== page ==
Cold War On Ice: Summit Series 72
I always knew Paul Henderson was considered hockey royalty in Canada but until recently I couldn’t understand why. I found the answer while watching “Cold War on Ice”, a documentary about the 1972 Summit Series between Canada and the Soviet Union shown on the NBC Sports Network (formerly Versus).
I didn’t remember Henderson as one of the best players of his NHL era but I knew he scored the series winning goal and while I understood what it meant for Canada not to lose to the Soviets, I still couldn’t figure out why he was held in such high esteem for 1 goal.
But as I learned in the special, the journeyman NHL player didn’t just score what some call the “goal heard round the world”; he also netted the game winner in the previous 2 contests. The Soviets had a 3-1-1 lead in the 8 game series but Canada rallied to win the final 3 games and avoid national scorn. Henderson had the game winner in all 3.
There were numerous interviews with players from both teams and it was fascinating to hear the many recollections. The series winning goal came in the last minute of game 8 with the teams tied at 5. Henderson, who was on the bench, talked about screaming at a teammate to come off for a line change or else he wouldn’t have been on the ice to play the role of hero one more time.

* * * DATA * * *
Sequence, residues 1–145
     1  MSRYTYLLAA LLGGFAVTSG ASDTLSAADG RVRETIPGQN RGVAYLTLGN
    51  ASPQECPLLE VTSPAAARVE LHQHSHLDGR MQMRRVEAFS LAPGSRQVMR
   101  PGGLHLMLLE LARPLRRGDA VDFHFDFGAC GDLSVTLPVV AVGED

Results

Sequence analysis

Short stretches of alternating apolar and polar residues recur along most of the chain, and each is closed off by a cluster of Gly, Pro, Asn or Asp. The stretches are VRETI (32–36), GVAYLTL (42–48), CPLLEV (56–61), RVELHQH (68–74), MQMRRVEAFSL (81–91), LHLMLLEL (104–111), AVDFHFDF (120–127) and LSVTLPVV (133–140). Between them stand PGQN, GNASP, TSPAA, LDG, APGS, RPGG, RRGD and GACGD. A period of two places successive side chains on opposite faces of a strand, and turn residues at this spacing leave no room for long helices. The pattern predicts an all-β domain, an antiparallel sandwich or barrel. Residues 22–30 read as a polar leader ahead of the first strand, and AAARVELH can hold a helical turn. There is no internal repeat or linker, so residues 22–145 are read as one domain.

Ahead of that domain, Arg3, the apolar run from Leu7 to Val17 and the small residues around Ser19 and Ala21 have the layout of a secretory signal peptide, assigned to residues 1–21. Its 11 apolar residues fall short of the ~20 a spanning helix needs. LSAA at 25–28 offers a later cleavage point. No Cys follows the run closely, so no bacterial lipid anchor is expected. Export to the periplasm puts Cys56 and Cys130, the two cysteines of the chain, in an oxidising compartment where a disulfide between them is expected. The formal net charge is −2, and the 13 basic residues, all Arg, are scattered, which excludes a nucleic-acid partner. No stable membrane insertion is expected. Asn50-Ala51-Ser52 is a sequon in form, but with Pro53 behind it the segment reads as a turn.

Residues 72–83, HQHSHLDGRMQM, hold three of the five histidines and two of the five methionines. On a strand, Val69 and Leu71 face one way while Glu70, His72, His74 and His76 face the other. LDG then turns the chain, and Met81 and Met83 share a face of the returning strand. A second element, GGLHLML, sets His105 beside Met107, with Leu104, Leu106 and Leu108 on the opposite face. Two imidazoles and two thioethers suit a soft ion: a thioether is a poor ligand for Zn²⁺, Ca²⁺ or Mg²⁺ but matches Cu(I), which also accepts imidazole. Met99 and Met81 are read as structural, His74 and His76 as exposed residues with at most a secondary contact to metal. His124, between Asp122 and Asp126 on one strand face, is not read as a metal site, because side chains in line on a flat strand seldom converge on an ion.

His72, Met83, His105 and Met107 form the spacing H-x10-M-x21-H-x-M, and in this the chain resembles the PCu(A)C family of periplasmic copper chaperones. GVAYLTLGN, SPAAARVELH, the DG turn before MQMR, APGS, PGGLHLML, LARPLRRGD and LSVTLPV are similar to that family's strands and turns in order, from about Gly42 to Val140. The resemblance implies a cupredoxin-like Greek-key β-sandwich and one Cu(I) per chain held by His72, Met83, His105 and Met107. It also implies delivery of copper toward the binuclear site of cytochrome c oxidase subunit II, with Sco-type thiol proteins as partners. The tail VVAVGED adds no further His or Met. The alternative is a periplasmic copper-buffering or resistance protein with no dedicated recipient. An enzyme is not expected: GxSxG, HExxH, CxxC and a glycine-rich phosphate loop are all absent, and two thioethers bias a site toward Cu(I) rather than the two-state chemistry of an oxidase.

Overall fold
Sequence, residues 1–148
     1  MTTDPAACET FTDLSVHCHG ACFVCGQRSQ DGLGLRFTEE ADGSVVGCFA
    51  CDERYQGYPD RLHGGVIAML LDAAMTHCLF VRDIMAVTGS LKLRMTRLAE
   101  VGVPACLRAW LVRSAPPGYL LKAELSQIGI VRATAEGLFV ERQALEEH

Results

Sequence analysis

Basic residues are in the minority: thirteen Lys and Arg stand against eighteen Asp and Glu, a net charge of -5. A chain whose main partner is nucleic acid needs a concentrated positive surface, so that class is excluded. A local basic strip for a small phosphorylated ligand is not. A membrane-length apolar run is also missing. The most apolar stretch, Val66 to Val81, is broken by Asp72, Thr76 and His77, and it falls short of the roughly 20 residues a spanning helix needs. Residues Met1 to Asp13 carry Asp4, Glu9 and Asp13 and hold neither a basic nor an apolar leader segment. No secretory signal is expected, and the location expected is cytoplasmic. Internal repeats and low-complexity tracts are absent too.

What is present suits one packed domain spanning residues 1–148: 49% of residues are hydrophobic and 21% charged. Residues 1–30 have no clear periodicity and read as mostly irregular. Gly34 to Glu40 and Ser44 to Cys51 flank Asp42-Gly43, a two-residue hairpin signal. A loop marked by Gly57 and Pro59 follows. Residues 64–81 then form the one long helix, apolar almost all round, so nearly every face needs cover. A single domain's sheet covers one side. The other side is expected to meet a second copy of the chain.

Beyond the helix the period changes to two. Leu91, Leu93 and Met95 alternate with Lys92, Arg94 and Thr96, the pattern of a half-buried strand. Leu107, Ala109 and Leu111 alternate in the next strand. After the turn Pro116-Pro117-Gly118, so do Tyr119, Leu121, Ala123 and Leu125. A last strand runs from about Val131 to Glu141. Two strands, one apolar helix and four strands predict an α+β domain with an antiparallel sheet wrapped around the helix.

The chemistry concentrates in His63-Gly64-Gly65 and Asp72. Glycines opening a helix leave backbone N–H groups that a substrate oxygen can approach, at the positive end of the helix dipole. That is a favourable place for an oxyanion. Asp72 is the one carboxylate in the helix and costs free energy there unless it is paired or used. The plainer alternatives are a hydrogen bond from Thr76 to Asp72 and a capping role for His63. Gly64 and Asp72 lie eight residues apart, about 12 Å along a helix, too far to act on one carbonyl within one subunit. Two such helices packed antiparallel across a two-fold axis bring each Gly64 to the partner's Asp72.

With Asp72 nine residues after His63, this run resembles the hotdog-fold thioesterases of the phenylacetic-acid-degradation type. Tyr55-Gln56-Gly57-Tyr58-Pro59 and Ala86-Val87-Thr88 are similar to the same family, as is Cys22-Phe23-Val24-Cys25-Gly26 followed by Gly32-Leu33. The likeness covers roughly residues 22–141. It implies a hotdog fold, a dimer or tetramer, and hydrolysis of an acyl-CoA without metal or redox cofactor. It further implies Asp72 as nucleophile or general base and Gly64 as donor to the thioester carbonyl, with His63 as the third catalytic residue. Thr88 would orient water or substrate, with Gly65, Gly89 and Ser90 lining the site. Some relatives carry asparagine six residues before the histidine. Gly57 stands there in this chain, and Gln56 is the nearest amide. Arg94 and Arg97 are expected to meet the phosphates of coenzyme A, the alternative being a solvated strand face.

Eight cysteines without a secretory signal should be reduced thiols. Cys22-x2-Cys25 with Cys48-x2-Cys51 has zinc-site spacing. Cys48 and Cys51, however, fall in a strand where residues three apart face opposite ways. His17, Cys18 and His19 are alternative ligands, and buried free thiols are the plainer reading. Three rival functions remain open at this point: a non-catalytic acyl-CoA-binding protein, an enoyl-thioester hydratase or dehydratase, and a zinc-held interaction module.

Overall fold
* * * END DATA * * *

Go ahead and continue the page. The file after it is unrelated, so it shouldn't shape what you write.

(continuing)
One of the more infamous moments of the series involved Bobby Clarke, soon to be leader of the Broad Street Bullies, viciously slashing and breaking the ankle of Valeri Kharlamov, the Soviets best player, in game 6. If it happened today we would be screaming for a long suspension but back then it was considered just part of the game. Reflecting on that turning point, Clarke said it was an awful thing to do but (he said with a smile) “it sure felt good.” Asked if Team Canada regretted that incident, Hall of Famer Phil Esposito said the only regret he had is that Clarke didn’t do it in the first game.
But the comment that stuck with me the most was one from legendary Canadiens net minder Ken Dryden. Canada went into the series a heavy favorite and anticipated a rout in every game. There were many pre series predictions from those in the hockey world of an 8 game sweep. A 2-0 lead for Canada just a few minutes into game 1 at the Montreal Forum seemed to back up those predictions. But the Soviets rallied for the 7-3 win. Sitting in the Team Canada locker room during the 2nd intermission with his team trailing, Dryden thought to himself that in 20 minutes he was going to be the most hated man in Canada.
The NHL was better off with the scare than a cakewalk because it opened many eyes to the idea that there were other systems or ways to succeed in the game and those countries outside of North America can produce great hockey players.